One issue is the engagement of the West, which is now enjoying a windfall opportunity to support the Ukrainian opposition, despite earlier performances so lacklustre that historian Anne Applebaum was moved in January to lament the death of “the belief that some kind of post-Cold War order still prevails in Europe and the United States is an important part of it.” Having negotiated the initial truce that eased Yanokovich out (see this fascinating BBC account of the role played by Radislav Sikorski, Polish foreign minister and Applebaum’s husband), Western actors are now frantically engaged in attempting to shore up an interim government composed of the bewildered former opposition.

It is not clear that they are always doing themselves great favors. First, whatever the merits of Russia’s ostensible concerns about Ukraine, airily dismissing them is unlikely to calm the waters. Writing for Stratfor, for instance, George Friedman notes that the ‘truce agreement’ was achieved in part through sidestepping Ukraine’s constitution, but argues that the latter “didn’t have the patina of tradition that a true constitution requires, and few will miss Yanukovich.” In a similarly blithe manner, the US has gone on to dismiss Yanukovich as President and proclaim the non-existence of East-West tensions in the country.

There are plenty of reasons to believe that the political split between the Russian-speaking East and the Ukrainian-speaking West is overstated, beginning with the lack of any groundswell of popular support for union with Russia or its “Eurasian Union” anywhere outside the Crimean Peninsula. Writing for the Globe and Mail, Daniel Bilak asserted that the population of the East are “confused and uncertain” but increasingly joined to the West by joint rejection of the Russian-oriented oligarchs that have compounded their economic misery:

Mired in poverty, the people of Eastern Ukraine have been cynically manipulated by regional political and economic (a.k.a. oligarch) elites for the past 22 years of Ukrainian independence. As they enriched themselves through the cheap acquisition of decrepit Soviet-era assets (a phenomenon common throughout the former Soviet Union), these clans have exercized virtual total economic and political control over the lives of their electorate/employees, who are tied like serfs to the large enterprises that dominate their towns and cities. Fear of losing jobs and pensions makes these people easy to manipulate at election-time, something the ruling clan has used to great effect.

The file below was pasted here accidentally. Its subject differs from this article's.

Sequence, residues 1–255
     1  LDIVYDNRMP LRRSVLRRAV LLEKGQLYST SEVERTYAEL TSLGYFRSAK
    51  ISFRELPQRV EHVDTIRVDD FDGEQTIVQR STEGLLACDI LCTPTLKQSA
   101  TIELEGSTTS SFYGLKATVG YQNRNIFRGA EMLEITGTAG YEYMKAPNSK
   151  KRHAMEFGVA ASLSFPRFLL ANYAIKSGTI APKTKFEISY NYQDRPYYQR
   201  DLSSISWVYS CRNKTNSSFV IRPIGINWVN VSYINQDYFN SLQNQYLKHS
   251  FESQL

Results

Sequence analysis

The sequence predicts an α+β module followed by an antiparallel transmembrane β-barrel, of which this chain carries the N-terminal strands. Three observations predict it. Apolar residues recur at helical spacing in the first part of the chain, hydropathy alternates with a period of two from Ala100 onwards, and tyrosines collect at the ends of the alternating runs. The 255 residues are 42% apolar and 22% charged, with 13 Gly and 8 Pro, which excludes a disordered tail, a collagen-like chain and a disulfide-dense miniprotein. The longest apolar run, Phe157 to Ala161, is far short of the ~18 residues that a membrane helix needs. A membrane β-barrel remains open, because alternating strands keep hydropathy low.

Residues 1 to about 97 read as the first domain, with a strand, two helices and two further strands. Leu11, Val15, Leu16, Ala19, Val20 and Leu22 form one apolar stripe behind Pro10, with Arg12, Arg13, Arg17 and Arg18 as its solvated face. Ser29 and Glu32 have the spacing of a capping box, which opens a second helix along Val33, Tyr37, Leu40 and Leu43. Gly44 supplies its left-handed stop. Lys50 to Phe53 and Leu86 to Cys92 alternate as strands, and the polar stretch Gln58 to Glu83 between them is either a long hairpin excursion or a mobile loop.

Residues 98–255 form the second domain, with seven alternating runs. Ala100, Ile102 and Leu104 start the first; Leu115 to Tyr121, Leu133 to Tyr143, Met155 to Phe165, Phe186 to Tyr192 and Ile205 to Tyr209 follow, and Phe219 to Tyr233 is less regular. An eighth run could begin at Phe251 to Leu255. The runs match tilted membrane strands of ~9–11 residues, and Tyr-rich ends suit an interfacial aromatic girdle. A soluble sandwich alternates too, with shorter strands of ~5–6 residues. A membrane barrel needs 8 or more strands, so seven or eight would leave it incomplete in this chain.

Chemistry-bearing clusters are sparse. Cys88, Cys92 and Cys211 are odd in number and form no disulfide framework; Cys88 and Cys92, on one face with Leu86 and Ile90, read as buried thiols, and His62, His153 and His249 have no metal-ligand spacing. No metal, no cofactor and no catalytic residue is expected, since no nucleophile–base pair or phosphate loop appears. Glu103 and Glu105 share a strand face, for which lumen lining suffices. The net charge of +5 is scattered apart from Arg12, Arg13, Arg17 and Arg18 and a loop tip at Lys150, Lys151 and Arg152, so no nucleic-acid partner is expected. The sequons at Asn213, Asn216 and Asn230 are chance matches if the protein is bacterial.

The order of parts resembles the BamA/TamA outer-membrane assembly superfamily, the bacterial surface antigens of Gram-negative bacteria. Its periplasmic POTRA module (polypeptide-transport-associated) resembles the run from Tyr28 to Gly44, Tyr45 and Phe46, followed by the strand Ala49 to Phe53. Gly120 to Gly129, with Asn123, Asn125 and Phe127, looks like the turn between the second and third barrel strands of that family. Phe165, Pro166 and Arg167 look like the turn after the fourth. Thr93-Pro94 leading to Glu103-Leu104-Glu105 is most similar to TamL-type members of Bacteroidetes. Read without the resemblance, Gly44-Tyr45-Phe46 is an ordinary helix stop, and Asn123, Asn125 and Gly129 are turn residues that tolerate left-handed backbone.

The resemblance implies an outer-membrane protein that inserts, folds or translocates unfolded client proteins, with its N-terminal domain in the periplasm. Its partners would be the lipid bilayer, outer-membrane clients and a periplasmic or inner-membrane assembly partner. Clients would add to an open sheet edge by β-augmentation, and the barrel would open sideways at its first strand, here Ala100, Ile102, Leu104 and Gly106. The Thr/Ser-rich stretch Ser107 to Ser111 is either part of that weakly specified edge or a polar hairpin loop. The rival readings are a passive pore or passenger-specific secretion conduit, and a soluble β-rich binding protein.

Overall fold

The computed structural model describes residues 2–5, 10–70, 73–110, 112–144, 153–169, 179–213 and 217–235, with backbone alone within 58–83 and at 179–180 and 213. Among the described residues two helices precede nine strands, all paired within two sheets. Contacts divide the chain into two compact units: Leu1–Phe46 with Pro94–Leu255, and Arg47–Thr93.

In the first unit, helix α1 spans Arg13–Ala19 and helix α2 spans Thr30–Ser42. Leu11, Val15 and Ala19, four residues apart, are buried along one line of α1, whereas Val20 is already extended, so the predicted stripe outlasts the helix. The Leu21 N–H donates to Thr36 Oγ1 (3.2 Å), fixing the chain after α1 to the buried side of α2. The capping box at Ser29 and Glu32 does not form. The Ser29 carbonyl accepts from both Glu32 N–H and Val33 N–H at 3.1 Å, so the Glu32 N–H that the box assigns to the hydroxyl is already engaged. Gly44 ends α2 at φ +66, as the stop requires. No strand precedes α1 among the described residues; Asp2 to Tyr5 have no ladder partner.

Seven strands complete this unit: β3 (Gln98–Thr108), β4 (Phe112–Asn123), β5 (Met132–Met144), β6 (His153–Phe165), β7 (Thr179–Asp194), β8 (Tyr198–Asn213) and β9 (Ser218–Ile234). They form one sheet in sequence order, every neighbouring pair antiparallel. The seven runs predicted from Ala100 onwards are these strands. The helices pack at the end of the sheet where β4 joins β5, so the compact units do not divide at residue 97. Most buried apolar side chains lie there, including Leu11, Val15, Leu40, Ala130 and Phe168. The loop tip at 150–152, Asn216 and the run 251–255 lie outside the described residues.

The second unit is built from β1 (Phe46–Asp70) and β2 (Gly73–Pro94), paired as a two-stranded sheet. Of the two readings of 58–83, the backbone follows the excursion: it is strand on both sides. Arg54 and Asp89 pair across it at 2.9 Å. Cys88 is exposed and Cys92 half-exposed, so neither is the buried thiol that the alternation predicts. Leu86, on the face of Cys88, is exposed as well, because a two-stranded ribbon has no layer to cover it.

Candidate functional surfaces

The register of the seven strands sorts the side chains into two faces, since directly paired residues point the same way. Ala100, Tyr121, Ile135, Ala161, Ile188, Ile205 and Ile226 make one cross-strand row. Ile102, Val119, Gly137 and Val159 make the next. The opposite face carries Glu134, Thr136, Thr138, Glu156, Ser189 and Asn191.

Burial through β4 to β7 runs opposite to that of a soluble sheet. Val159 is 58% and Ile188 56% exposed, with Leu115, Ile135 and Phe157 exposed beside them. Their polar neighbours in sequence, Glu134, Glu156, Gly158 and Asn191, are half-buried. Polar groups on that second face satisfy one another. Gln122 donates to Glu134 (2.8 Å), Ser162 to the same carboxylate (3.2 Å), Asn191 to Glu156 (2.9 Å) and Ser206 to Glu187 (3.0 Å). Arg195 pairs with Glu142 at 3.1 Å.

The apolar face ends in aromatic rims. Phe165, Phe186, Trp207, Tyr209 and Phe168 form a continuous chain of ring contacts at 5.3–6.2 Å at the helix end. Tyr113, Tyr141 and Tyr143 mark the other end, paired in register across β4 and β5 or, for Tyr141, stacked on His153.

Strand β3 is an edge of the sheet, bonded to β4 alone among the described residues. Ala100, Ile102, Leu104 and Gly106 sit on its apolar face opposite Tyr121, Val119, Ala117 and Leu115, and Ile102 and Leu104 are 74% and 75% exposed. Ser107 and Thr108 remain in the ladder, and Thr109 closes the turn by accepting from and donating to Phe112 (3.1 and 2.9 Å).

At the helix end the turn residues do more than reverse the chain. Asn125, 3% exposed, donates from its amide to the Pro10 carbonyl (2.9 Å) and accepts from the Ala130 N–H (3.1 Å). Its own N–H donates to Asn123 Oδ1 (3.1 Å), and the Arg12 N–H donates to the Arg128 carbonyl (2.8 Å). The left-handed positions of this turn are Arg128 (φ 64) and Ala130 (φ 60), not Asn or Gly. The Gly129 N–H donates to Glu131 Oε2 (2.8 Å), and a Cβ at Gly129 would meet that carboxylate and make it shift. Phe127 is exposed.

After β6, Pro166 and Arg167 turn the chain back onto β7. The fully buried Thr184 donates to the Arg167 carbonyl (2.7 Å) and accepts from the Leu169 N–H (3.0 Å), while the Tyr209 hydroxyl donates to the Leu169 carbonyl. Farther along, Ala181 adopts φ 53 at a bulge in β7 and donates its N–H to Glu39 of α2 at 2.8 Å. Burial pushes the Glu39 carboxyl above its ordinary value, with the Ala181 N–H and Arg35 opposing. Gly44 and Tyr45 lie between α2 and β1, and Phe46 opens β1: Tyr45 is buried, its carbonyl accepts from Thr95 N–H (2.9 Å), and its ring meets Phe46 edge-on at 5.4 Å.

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The “eastern narrative” in the age of globalization and the internet is not sustainable. While they may be more passive than passionate, Mr. Yanukovych’s 20 per cent approval rating shows the degree to which Ukrainians from the east are united with the rest of the country against what most see as endemic bureaucratic racketeering at all levels of government. Anti-Maidan demonstrations have been fleeting at best. On the other hand, “Euromaidan” demonstrations in the eastern oblasts recently gained ground by the thousands, driven by a growing social network-friendly middle class of small entrepreneurs and youth.

On Thursday, this trend reached an apex when Ukrainians of all ages showed solidarity with their compatriots on the Maidan by stopping on roadways busloads of thugs hired by the regime (often burning their buses) and lying on railway tracks to prevent police and troops from reaching Kiev.

In essence, socio-economic problems make all Ukrainians brothers-in-arms. With an economy on the verge of collapse, Ukrainians are facing up to theft of Homeric proportions, as they wonder how Ukraine’s debt went from $36-billion to $72-billion in four years, with no improvement in their livelihoods. Eastern Ukrainians are also patriots of their country – they feel as much cheated by this regime, as their brethren in western Ukraine felt betrayed by the previous government.

On the other hand, it will be important for Western actors to pressure the new interim government to avoid moves that could be seen as unnecessarily provocative. By rushing to strike down legislation recognizing Russian as an official language, for instance, the Parliament has met genuine demands to roll back the Yanukovich legacy with a measure that could unnecessarily alienate potentially sympathetic members of the country’s Russian-speaking community. Meanwhile, major concerns have been raised by the apparent mobilization of the Russian-speaking majority on the Crimean Peninsula, who have threatened to secede, and allegedly sought a Russian intervention.

Russia itself appears bewildered, furiously condemning the new authorities while repeatedly affirming Ukraine’s territorial integrity. Where the Beijing Olympics provided useful cover for the 2008 war in which Russia disciplined Georgia, another former Soviet Republic, the Sochi Olympics constituted a distraction that prevented a more assertive response to the rumblings in Ukraine. Likewise, the penumbra of corruption and human rights abuses that overshadowed Sochi’s glitz hardly constituted an advertisement for closer ties.

As argued here in the BBC, it is quite likely that Moscow has realized applying further pressure at this stage is only likely to burn whatever bridges it has left to Kiev without bringing tangible gain. Still dangerous circumstances, but Yanukovich’s corruption, repression and abrupt abdication may have left the best possible legacy – a set of incentives for all actors to allow Ukraine to fumble its way forward to cleaner and more representative government.